Longtime Partner and Mother of Fallen US Capitol Officer Brian Sicknick Vow to Fight for Jan. 6 Commission | Inside Edition

Longtime Partner and Mother of Fallen US Capitol Officer Brian Sicknick Vow to Fight for Jan. 6 Commission

Capitol Officer Brian Sicknick, 42, died after the Jan. 6 insurrection
Capitol Police

Last week, the pair went to Capitol Hill to lobby lawmakers to vote and even went door-to-door on Capitol Hill hoping to get answers, but the Senate struck the commission down 54-35, just shy of the 60-vote threshold, CBS News reported.

The mother of fallen U.S. Capitol officer Brian Sicknick, and longtime partner Sandra Garza vowed to keep fighting despite Senate Republicans' refusal for an independent commission to investigate the events leading to Sicknick’s death during the Jan. 6 attack on the U.S. Capitol.

Last week, the pair went to Capitol Hill to lobby lawmakers to vote and even went door-to-door on Capitol Hill hoping to get answers, but the Senate struck the commission down 54-35, just shy of the 60-vote threshold, CBS News reported.

”I'm disgusted that the Republican senators, that decided to vote no,” Garza told CBS News. “It's a spit in the face to Brian, it's a spit in the face to all the officers that were there that day.”

Garza said the senators who did not even show up for the vote committed a "dereliction of duty."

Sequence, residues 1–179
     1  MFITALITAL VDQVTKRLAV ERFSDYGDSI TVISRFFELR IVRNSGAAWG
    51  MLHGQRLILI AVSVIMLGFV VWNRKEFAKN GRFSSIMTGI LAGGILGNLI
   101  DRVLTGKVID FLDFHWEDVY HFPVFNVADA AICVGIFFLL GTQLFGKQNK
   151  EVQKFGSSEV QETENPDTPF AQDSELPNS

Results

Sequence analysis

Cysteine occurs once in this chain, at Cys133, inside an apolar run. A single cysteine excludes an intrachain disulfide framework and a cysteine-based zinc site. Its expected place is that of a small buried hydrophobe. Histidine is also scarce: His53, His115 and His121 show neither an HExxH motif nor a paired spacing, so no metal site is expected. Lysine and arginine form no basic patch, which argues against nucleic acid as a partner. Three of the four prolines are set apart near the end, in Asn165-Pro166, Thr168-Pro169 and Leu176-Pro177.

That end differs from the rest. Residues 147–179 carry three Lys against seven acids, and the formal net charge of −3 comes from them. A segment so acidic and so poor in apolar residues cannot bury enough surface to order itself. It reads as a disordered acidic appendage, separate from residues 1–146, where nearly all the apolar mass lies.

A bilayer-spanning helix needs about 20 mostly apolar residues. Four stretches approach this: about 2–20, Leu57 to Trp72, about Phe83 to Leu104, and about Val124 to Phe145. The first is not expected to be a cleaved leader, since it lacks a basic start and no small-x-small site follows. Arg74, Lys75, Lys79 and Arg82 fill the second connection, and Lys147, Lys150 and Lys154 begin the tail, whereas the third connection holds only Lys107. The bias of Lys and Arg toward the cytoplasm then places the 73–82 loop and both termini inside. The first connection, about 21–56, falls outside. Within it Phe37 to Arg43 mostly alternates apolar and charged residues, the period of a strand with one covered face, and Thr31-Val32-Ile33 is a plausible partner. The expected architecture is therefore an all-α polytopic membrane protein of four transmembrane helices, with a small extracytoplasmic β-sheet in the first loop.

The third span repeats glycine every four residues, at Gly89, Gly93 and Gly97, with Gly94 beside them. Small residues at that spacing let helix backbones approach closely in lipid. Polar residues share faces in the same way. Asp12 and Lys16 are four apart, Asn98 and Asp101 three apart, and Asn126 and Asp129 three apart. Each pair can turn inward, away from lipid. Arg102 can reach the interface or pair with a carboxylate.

Gladys Sicknick was dismayed and called it “sad.”  ”Nobody has the answers. I mean, even the people who voted for this bill, they don't have any answers,” she said. 

On Jan. 6 during the siege of on the U.S. Captiol, Officer Sicknick was attacked with chemical spray and collapsed. He died a day later at a hospital, CBS News reported. 

Two men had been accused of assaulting Sicknick by spraying the chemical irritant at him during the siege, but prosecutors have not tied that exposure to Sicknick’s death, The Washington Post previously reported. 

Sicknick suffered two strokes and died of natural causes, according to the District’s chief medical examiner, who found no evidence that indicated that Sicknick had suffered an allergic reaction to the chemical used, the Post reported. 

The ruling, released in mid-April, would make it difficult for prosecutors to pursue homicide charges in the officer’s death, the Post reported.

Both women answered “yes’ when they were asked if either of them blame former President Donald Trump. 

Garza said Brian supported Trump and she was extremely disheartened that Trump never made an effort to speak to her or Brian’s family. “He knew that Brian was devoted to him and he didn’t once reach out to me, to Gladys, he didn’t even send a letter of condolences. He did absolutely nothing.” 

Despite their anguish, Garza told CBS that she does not plan on filing a lawsuit against Trump.

Gladys Sicknick described her son as a gentle person, but also said “don’t push him in a corner.”  She used the word "appalled" as to how her son would feel if he were alive today regarding the ordeal. 

The pair refuse to give up on a Jan. 6 commission and on Tuesday plan on meeting with Rep. Liz Cheney, who was removed in May from GOP leadership after speaking out against the former president, among other lawmakers. 

Garza and Gladys Sicknick also plan on ways to carry on Officer Sicknick’s legacy that would have made him proud.

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